We talk with Sarah Booth about her work on LAST CALL. She details her work playing Beth, the night janitor, and her close collaboration with Daved Wilkins (Scott) and Director Michael Booth on the thrilling dramatic work, LAST CALL.
“My grandmother always had a video camera in her hand. She captured so many family moments. I was her first granddaughter so I was essentially the star of a lot of these VHS tapes. That probably sparked some kind of fascination with being on the screen. When I was young I was always performing (dance, equestrian, skating) but when I did my first play in high school and knew I could pursue it as a career, I was hooked.” says Sarah.
indieactivity: What acting technique(s) do you use?
Sarah Booth (SB): I studied The Meisner Technique for a few years and that really made sense to me. I’ve explored quite a few techniques throughout my training and career. I like to keep it fun and fresh and never stop learning. Every time I dive into a different style I always take what works for me and leave the rest. I have what I call “my toolbox” and I use the tools I need for certain characters. Sometimes I play characters that are very easy for me to tap into and sometimes I need to try out a lot of different tools to understand who they are.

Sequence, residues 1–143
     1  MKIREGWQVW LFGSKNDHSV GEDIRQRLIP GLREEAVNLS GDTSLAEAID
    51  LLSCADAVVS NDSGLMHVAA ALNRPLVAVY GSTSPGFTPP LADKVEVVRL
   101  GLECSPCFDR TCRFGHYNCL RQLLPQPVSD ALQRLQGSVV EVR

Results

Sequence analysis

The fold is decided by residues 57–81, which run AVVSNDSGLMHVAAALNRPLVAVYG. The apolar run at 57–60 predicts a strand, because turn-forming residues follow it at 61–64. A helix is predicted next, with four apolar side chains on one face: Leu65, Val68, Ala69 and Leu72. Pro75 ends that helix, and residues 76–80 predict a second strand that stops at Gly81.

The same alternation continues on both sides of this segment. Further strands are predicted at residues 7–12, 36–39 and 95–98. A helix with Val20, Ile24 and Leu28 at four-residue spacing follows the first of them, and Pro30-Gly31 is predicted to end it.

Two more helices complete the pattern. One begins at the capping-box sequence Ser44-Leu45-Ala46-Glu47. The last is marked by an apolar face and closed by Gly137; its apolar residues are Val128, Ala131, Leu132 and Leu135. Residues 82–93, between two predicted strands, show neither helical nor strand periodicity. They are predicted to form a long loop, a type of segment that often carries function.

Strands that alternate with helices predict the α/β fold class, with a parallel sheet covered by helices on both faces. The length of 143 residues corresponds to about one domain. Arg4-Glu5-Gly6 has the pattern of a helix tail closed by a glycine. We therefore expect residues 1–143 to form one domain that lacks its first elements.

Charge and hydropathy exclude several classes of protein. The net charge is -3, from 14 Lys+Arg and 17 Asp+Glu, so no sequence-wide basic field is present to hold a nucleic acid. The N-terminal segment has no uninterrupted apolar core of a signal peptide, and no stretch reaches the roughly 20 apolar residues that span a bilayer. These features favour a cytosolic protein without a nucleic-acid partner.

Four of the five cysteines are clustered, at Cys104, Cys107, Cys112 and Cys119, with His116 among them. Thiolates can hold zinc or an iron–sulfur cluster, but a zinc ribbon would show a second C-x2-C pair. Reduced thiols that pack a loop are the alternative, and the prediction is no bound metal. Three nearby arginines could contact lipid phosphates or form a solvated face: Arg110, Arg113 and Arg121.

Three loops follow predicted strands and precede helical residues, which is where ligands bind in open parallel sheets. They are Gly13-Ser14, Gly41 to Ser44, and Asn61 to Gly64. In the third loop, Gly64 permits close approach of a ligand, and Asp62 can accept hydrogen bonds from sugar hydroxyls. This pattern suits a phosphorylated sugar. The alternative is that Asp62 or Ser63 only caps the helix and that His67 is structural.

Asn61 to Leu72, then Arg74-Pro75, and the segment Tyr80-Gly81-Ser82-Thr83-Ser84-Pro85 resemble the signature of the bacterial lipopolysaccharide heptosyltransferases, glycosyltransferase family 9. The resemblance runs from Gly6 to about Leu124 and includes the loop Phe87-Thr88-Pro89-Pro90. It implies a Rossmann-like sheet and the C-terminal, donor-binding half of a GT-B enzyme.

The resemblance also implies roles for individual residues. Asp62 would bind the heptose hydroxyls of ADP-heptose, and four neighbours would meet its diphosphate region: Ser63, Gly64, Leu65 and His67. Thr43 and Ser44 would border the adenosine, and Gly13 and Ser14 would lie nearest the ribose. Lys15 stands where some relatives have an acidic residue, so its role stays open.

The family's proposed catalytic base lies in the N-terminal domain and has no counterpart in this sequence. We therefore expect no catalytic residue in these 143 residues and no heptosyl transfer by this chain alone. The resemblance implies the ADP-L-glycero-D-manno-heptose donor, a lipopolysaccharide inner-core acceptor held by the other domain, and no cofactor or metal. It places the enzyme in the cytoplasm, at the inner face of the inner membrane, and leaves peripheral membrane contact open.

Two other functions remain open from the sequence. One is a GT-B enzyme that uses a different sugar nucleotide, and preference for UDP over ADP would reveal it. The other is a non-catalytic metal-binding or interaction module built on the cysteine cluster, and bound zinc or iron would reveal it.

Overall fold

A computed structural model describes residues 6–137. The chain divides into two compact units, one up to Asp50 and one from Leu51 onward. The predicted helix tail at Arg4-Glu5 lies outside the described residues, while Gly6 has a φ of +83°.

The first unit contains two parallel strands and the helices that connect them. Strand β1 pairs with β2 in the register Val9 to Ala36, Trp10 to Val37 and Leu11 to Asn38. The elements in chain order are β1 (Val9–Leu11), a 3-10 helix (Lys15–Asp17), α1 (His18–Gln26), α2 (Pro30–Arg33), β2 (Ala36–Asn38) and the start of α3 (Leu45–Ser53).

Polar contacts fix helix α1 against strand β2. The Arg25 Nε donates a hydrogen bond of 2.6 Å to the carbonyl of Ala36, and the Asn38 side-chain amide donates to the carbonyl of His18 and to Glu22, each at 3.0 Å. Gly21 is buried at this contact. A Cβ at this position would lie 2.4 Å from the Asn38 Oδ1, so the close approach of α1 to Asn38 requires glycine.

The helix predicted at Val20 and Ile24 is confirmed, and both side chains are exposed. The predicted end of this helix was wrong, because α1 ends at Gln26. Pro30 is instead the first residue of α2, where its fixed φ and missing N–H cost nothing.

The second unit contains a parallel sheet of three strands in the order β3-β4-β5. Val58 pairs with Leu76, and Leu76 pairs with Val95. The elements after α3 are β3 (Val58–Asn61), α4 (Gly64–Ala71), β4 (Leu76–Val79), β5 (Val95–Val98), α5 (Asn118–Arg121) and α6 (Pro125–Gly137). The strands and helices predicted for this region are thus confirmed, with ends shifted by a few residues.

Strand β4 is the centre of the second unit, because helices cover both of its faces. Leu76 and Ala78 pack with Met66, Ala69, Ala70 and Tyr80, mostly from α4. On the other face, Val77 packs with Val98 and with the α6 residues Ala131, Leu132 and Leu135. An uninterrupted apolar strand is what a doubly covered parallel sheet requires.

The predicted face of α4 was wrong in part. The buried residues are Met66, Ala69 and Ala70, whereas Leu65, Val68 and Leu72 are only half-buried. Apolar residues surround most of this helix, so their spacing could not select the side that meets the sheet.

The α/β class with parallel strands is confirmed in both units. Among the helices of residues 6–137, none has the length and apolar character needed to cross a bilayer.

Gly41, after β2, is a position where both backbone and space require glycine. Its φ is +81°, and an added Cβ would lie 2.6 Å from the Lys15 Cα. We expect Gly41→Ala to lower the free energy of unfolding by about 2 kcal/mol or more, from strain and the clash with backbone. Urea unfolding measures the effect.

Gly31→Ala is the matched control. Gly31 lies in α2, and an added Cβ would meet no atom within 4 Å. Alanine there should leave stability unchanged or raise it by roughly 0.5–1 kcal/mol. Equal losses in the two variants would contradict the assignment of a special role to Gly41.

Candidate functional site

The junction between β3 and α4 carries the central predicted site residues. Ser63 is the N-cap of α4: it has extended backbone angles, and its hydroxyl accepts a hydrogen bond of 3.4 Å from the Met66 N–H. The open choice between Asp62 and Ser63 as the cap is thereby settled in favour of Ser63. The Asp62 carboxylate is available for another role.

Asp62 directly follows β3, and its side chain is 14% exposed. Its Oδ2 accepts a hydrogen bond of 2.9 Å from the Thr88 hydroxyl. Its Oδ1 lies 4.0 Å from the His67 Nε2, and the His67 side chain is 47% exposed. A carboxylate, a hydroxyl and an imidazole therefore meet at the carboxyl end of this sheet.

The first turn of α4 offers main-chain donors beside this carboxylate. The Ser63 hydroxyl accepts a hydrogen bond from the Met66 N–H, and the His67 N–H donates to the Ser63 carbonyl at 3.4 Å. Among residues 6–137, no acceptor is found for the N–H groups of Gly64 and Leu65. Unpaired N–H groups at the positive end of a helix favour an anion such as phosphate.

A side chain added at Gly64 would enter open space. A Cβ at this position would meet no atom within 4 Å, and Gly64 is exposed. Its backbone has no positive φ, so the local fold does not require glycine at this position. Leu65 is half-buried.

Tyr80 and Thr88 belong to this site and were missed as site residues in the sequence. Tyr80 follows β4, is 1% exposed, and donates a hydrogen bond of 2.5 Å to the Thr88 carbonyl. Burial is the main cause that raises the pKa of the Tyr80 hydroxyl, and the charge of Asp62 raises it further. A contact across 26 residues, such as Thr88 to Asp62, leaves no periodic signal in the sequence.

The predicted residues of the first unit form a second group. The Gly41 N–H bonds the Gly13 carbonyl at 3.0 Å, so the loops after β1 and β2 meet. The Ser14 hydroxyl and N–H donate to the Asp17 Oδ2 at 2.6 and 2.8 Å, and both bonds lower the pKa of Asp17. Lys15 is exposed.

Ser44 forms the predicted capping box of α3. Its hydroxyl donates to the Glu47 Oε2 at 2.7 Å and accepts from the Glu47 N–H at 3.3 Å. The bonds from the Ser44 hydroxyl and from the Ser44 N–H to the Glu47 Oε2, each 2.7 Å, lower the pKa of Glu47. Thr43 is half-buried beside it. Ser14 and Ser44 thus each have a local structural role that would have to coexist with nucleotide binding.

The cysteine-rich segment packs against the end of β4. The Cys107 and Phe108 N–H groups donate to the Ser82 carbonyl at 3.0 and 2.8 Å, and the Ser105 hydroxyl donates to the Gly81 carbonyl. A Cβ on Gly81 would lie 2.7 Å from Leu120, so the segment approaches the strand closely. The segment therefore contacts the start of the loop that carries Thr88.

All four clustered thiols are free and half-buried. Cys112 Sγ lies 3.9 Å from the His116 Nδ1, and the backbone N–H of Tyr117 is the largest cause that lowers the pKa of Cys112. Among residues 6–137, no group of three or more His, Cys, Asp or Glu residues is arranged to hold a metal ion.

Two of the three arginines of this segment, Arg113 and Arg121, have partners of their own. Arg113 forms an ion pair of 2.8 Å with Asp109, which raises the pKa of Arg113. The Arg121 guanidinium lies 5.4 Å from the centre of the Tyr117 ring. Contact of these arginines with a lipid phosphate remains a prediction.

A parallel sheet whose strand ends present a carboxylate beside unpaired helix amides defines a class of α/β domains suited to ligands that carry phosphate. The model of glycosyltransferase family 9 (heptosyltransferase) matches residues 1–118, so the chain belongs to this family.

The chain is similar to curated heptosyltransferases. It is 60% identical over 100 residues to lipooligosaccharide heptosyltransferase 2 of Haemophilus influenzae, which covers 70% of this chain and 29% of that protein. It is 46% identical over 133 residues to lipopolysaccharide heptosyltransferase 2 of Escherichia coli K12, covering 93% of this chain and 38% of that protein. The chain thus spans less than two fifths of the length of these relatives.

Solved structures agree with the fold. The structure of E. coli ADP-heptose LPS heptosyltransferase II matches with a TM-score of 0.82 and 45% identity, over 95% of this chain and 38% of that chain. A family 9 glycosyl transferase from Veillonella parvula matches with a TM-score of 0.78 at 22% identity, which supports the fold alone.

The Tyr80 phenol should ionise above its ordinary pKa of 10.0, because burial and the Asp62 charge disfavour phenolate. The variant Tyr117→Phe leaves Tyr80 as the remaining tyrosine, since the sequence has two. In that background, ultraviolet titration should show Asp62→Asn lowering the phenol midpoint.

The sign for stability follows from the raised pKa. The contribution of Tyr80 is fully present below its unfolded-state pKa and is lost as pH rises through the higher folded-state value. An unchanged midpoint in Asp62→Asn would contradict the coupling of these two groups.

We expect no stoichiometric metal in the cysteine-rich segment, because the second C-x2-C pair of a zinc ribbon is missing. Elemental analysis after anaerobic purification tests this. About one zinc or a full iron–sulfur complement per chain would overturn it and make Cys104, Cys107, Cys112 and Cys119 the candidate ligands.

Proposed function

How did you get involved with LAST CALL/how were you cast?
Sarah Booth (SB): My husband, Gavin, wrote the script with Daved and they already had someone in mind to play the lead with Daved. After a few name actor options fell through and the schedule was pushed back they needed to find someone ASAP. Gavin knew I could do the job and about a month later we were shooting. Some people might read this and think…damn… third choice… but the truth in this industry is producers want to get someone recognizable to sell their movie. So I completely understood why I wasn’t a choice in the first place. Happy accident for me. This movie is an actor’s dream.
What part or parts of the story challenged you when you first read the script? What drove you to join the project?
Sarah Booth (SB): When I first read the script the obvious challenge was “how do I make my performance dynamic/interesting/GOOD! in this one take movie?” As attractive as this challenge was it was also scary AF. Which is what I am naturally attracted to in life. Why?!
How did you prepare for your role?